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Battling Covid collateral damage, Renault says 2021 will be volatile

Gilles Guillaume
·3-min read
FILE PHOTO: The logo of carmaker Renault is pictured at a dealership in France

By Gilles Guillaume

PARIS (Reuters) - Renault said on Friday it is still fighting the lingering effects of the COVID-19 pandemic, including a shortage of semiconductor chips, that could make for another rough year for the French carmaker.

Renault reported an 8 billion euro ($9.7 billion) loss for 2020 which, combined with gloomy take on the market, sent its shares down more than 5% in late morning trading.

"We are in the midst of a battle to try to manage a difficult year in terms of supply chains, of components," Chief Executive Luca de Meo told reporters. "This is all the collateral damage of the Covid pandemic... we will have a fairly volatile year."

De Meo, who took over last July, is looking at ways to boost profitability and sales at Renault while pushing ahead with cost cuts. There were early signs of improving momentum as margins inched up in the second half of 2020.

The group gave no financial guidance for this year, although it said it might reach a target of achieving 2 billion euros in costs cuts by 2023 ahead of time, possibly by December.

Executives said they were confident the carmaker could be profitable in the second half of 2021, but that they lacked sufficient market visibility to provide a forecast.

Renault struck a cautious note, saying it was focused on its recovery but warned orders had faltered in early 2021 as pandemic restrictions continued in some countries.

The group is facing new challenges as the European Union tightens emissions regulations and after rivals PSA and Fiat Chrysler joined forces to create Stellantis, the world's fourth-biggest automaker.

The auto industry endured a tough 2020 but a swift rebound in premium car sales in China helped companies such as Volkswagen and Daimler to weather the storm.

Auto companies globally have since been hit by a shortage of semiconductors that has forced production cuts worldwide.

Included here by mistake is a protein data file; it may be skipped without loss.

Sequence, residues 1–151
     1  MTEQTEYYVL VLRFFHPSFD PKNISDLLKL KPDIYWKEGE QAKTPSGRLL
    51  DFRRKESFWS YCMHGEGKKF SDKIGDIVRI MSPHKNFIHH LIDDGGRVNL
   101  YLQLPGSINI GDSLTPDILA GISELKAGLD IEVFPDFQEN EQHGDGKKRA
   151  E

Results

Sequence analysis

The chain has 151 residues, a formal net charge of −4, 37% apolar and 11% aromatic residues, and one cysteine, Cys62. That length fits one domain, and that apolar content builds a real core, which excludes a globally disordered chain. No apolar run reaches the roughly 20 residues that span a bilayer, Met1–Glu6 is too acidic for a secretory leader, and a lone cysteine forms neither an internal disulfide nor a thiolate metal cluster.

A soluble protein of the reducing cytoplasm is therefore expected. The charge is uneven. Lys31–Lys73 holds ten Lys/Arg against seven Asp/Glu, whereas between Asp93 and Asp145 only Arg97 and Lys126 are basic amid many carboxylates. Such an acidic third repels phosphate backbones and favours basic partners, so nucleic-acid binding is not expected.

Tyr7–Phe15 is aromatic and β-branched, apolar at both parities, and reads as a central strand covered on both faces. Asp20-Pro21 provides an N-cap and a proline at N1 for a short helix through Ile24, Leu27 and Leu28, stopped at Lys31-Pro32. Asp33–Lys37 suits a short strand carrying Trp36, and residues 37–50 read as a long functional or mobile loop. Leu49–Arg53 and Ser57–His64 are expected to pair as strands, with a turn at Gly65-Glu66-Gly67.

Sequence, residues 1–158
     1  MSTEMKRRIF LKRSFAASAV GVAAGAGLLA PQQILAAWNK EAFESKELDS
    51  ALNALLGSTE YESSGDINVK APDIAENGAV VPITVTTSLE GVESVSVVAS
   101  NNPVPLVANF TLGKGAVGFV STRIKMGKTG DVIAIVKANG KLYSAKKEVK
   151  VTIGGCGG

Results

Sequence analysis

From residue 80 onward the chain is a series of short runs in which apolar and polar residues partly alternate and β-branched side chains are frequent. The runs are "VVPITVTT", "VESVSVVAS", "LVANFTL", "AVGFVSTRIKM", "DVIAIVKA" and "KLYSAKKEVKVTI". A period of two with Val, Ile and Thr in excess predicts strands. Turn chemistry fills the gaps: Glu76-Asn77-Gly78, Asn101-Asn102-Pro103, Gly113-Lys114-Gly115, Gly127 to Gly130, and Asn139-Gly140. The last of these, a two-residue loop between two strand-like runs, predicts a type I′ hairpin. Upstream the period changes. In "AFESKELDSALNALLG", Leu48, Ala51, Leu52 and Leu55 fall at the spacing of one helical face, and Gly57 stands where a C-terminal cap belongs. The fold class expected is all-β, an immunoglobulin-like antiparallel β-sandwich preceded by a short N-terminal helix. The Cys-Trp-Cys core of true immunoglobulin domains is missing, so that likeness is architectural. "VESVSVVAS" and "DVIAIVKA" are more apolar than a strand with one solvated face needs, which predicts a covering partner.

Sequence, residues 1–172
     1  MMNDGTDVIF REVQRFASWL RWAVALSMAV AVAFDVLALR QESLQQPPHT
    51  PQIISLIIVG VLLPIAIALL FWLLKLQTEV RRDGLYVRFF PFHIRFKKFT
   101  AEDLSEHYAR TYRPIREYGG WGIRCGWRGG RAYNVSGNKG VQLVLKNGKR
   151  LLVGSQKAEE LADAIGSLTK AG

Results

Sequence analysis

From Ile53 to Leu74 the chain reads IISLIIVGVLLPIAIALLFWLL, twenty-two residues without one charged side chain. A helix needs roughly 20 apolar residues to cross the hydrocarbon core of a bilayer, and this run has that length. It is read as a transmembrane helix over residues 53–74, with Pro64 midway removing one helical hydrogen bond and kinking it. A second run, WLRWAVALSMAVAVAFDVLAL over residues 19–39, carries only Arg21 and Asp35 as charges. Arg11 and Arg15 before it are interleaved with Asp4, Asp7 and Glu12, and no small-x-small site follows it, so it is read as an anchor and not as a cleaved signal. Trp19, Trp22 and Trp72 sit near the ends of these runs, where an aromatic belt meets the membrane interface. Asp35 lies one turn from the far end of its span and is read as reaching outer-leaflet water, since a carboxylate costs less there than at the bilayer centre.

"The beginning of the year has shown some signs of weakness," De Meo told analysts, but added the chip shortage should be resolved by the second half of 2021. "We have taken the necessary measures to anticipate and overcome challenges."

Renault estimated the chip shortage could reduce its production by about 100,000 vehicles this year.

SHARP HIT

The group was already loss-making in 2019, but took a sharp hit in 2020 during lockdowns to fight the pandemic, which also hurt its Japanese partner Nissan.

Analysts polled by Refinitiv had expected a 7.4 billion euro loss for 2020. The group posted negative free cash flow for 2020.

The 2018 arrest of Carlos Ghosn, who formerly lead the alliance between Renault and Nissan, plunged the automakers into turmoil.

In a further sign that the companies have been working to repair the alliance, De Meo told journalists that Renault and Nissan will announce new joint products together in the coming weeks or months.

Renault has begun to raise prices on some car models, and group operating profit, which was negative for 2020 as a whole, improved in the last six months of the year, reaching 866 million euros or 3.5% of revenue.

Analysts at Jefferies said the operating performance was better than expected. Sales were still falling in the second half, but less sharply.

Renault is slashing jobs and trimming its range of cars, allowing it to slice spending in areas like research and development as it focuses on redressing its finances. It is also pivoting more towards electric cars as part of its revamp.

It was already struggling more than some rivals with sliding sales before the pandemic, after years of a vast expansion drive it is now trying to rein in, focusing on profitable markets.

De Meo told journalists on Friday that the French carmaker will make three new higher-margin models at its Palencia plant in Spain, where manufacturing costs are lower, between 2022 and 2024.

($1 = 0.8269 euros)

(Reporting by Gilles Guillaume and Sarah White in Paris, Nick Carey in London; Editing by Christopher Cushing, David Evans and Jan Harvey)